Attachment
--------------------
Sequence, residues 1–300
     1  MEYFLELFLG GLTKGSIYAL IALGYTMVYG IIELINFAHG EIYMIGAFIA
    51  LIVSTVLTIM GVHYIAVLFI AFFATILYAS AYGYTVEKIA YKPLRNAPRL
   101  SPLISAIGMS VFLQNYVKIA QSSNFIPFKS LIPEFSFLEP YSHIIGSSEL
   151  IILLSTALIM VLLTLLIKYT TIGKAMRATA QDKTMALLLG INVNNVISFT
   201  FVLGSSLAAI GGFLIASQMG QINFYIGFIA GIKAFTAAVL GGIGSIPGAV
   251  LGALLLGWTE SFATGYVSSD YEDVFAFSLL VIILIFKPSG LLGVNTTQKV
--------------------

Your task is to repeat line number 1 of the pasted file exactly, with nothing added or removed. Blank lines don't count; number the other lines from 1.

Sequence, residues 1–300